NCERT Solutions for Class 6 Maths Ganita Prakash Chapter 2 Lines and Angles updated for academic session 2024-25. Learn about different types of lines, angles and their properties through easy-to-understand explanations and examples.

## Class 6 Maths Ganita Prakash Chapter 2 Lines and Angles Question Answers

### Understanding Points and Line Segments

In class 6 Maths Ganit Prakash chapter 2, we explore basic geometry concepts such as points, lines, line segments, rays and angles. A point is a precise location without any dimensions. You can think of it as the tip of a sharp pencil. A line segment is the shortest distance between two points. If you connect two points, such as A and B, with a straight line, you get a line segment, denoted as AB. This concept helps us visualize the shortest path between two locations.

**Lines and Rays**

When you extend a line segment infinitely in both directions, it becomes a line. For example, a line that passes through points A and B is written as AB, and it has no endpoints. A ray, on the other hand, has one starting point and extends infinitely in one direction. Think of a ray of sunlight—its starting point is the sun and it continues endlessly. A ray is written with its starting point first, such as AP, where A is the starting point and P is any point on the ray.

#### What is an Angle?

An angle is formed when two rays share a common starting point called the vertex. For instance, if rays BD and BE share a starting point at B, they form an angle ∠DBE. The size of an angle depends on the amount of rotation between the rays. Angles are an essential part of geometry, helping us measure turns and rotations in real life, such as opening a book or rotating the hands of a clock.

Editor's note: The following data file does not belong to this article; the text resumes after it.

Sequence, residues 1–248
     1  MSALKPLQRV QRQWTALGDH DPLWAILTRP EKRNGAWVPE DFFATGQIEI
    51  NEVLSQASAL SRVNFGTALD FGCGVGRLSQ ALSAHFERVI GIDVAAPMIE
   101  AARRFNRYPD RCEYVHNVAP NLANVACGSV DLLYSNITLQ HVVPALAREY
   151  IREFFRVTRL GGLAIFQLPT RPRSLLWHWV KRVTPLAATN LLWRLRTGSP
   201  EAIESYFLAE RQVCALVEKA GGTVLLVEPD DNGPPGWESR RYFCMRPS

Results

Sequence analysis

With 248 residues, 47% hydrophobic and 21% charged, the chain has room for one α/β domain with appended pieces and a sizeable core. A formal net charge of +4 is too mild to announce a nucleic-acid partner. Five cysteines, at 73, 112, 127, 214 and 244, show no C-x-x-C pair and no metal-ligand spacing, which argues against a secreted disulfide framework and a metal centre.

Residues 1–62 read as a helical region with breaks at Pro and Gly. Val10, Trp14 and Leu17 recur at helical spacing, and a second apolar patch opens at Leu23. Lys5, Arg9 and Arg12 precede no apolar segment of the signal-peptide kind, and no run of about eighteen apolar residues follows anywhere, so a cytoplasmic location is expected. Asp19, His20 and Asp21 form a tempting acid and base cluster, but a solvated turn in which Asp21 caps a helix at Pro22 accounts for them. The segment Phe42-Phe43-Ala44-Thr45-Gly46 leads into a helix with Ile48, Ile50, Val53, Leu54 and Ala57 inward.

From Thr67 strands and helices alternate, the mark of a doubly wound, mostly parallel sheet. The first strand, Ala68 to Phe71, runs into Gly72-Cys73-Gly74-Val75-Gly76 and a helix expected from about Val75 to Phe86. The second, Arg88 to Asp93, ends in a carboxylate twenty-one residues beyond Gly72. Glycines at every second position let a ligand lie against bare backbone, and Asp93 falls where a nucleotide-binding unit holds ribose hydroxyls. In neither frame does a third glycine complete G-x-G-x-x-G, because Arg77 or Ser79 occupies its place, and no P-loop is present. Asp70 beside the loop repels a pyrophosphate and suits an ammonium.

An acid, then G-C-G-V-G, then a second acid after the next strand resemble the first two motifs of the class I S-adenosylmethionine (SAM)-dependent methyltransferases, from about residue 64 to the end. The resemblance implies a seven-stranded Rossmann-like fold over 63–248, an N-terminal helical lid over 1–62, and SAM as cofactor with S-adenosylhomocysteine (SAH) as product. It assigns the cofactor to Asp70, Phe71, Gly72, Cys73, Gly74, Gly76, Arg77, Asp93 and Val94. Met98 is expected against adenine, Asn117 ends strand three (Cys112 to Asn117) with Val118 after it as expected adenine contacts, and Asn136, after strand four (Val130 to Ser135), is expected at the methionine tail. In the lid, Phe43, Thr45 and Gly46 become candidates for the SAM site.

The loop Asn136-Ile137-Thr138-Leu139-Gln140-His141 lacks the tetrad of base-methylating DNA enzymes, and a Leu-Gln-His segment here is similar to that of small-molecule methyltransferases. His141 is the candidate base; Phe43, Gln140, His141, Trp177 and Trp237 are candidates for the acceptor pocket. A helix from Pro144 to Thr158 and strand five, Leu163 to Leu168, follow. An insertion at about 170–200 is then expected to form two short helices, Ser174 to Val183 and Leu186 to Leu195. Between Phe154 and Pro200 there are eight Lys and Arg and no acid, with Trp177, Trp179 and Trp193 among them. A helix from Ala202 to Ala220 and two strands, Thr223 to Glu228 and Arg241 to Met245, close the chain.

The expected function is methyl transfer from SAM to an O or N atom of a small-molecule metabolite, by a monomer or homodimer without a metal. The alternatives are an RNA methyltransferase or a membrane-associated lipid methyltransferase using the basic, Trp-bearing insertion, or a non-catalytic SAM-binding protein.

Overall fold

**Types of Angles**

There are different types of angles based on their size. If an angle is less than 90 degrees, it is called an acute angle. If it is exactly 90 degrees, it is a right angle. When an angle is greater than 90 degrees but less than 180 degrees, it is called an obtuse angle. A straight angle is exactly 180 degrees, and angles greater than 180 degrees but less than 360 degrees are called reflex angles.

##### Comparing and Measuring Angles

We can compare angles by observing their size or using a protractor. To measure an angle, we use a tool called a protractor, which divides a circle into 360 degrees. A right angle measures 90 degrees, and a straight angle measures 180 degrees. By using a protractor, you can find the exact measure of any angle, helping you understand its size and how it compares to other angles.

**Using Angles in Daily Life**

Angles appear all around us, from the hands of a clock to the corners of a room. In fact, every time you open a door or look at a book, you are working with angles. For example, the angle between the hands of a clock at 3 o’clock is 90 degrees. Understanding angles helps us navigate the world, from building structures to designing tools.

###### Practical Exercises

To deepen your understanding, try using a protractor to measure angles around you. Draw lines, rays, and angles on paper and measure them. Compare them by using superimposition, where you place one angle over another to see which one is larger. Also, explore different objects in your environment to find examples of acute, obtuse and right angles.

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